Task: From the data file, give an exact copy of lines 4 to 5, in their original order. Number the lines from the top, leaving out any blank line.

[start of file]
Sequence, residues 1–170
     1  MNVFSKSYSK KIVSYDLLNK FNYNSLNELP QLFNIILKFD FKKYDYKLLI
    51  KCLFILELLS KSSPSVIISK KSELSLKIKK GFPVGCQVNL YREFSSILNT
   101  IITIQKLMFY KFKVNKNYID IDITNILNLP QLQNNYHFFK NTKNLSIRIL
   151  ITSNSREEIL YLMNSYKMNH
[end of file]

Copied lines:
   101  IITIQKLMFY KFKVNKNYID IDITNILNLP QLQNNYHFFK NTKNLSIRIL
   151  ITSNSREEIL YLMNSYKMNH